When we think about addiction, we often think about drug and alcohol use. However, research is clear that individuals can get a similar “high” from using the internet, including social media.
Scrolling through social media and browsing the internet are popular activities that most of us engage in without any problem or issue. However, there is a small percentage of users that become addicted to social media sites and engage in excessive or compulsive use.
In its true definition, internet or social media addiction is characterized by being overly concerned about social media, feeling compelled to access the internet or log on to our social media accounts, and spending so much time scrolling that it impairs other areas of our life such as school, employment, leisure activities, and relationships.
Internet Use, Social Media, and the Brain
Due to the effect that social media and internet use has on the brain, these activities can be both physically and psychologically addictive. More specifically, when an individual gets a notification such as a “like,” “breaking news,” or an update on a sports score, the brain receives a rush of dopamine which causes us to feel pleasure. Social media and the internet provide immediate access to information and endless amount of instant rewards in the form of attention from others for fairly minimal effort.
Social media use becomes problematic when someone views social networking sites as an important coping mechanism to relieve stress, loneliness, or depression. For these people, social media provides continuous rewards they may not be receiving in real life. As a result, they end up engaging in the activity more and more.
There is also a real phenomenon referred to as the fear of missing out (FOMO). Due to the thoughts and feelings associated with this, we often feel compelled to stay engaged with our social media sites and the internet to ensure we are “in the loop” for what we consider important.
While few of us will ever develop an addiction to the internet or social media, we could all benefit from being mindful about our own use and considering if there are areas where we need to cut back.
Signs and Symptoms of Internet and Social Media Addiction
Losing Track of Time
You often intend to go on the internet or check Facebook for just a few minutes, but you’re still scrolling a half-hour later.
Research suggests that more than 20 hours of personal internet/social media use per week constitutes an addiction.
After checking your phone or social media, you access it again a few minutes later without much thought to see if there are any updates. This may also occur when you are out socializing and you access your phone/device numerous times throughout your time with others.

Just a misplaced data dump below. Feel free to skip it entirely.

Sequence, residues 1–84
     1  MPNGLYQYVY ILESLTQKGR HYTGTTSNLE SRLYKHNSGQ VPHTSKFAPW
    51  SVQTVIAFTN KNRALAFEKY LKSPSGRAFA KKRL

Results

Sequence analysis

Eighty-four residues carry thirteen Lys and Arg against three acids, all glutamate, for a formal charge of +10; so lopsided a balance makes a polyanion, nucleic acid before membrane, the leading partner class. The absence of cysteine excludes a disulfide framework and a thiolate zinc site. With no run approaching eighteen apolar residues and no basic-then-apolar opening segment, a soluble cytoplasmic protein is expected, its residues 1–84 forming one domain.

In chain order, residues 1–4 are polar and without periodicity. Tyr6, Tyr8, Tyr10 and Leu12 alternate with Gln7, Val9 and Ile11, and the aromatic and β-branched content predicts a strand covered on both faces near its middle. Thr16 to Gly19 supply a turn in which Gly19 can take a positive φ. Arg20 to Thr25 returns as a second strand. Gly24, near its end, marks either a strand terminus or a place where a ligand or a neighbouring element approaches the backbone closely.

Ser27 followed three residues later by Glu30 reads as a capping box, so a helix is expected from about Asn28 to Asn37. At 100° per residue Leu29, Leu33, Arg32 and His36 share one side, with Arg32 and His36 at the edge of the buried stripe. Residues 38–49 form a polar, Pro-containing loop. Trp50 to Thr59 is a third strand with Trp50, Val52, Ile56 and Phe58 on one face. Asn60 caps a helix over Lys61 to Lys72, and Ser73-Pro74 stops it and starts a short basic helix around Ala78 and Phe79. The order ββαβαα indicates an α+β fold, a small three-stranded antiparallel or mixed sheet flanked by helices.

Access to the internet/social media regulates your mood and when you do not have access to your device, you become moody and irritable until you get your next “fix.” This is often referred to as withdrawal.
Impact on Relationships
Friends and family become irritated or frustrated that you spend more time on social media than you do with them. You may be accused of spending more time with your “Facebook family” rather than your real one. You may also begin to lie about your use or go into another room or outside so that you can access the internet/social media in private.
Impact on School or Employment
Due to accessing the internet for personal reasons or being on your social media accounts longer than intended, you do not complete assignments on time or forget work that needs to get done. You may find that you are doing more online browsing than actual work.
Strategies to Address Internet/Social Media Addiction
1. Go on a Digital Detox
Begin to reduce the amount of time that you plan to access the internet/social media. You can do this by either setting specific times in the day when you allow yourself to go on the internet/social media (e.g., over the lunch hour). There are also apps available that allow you to set a time limit on your social media use – when that time limit is up, you cannot access the internet/social media site until it resets the next day.
2. Spend Time Away From Screens
One of the strategies for reducing technology use to acceptable levels is to set aside certain times of the day that are technology-free (meal times and before bed are good starting points). This may include no longer accessing the internet/social media after a certain time. For example, all internet use is done each night at 8:00 PM and not accessed again until 7:00 AM.
3. Establish a Contingency Plan
Build in a plan around only accessing the internet/social media once you have accomplished something. For example, you only get to access the internet/social media after you do one hour of school work, get groceries, water the plants, go for a walk, etc.
4. Reduce Your Contact and Access List
One way to spend less time online is to reduce your number of friends/contacts on social networking sites, delete unused apps, and unsubscribe from online sites that have few benefits or send too many notifications. Also, delete game apps that are time consuming.
While few of us will ever develop an addiction to the internet or social media, we could all benefit from being mindful about our own use and considering if there are areas where we need to cut back. This will contribute to our overall well-being and mental health!
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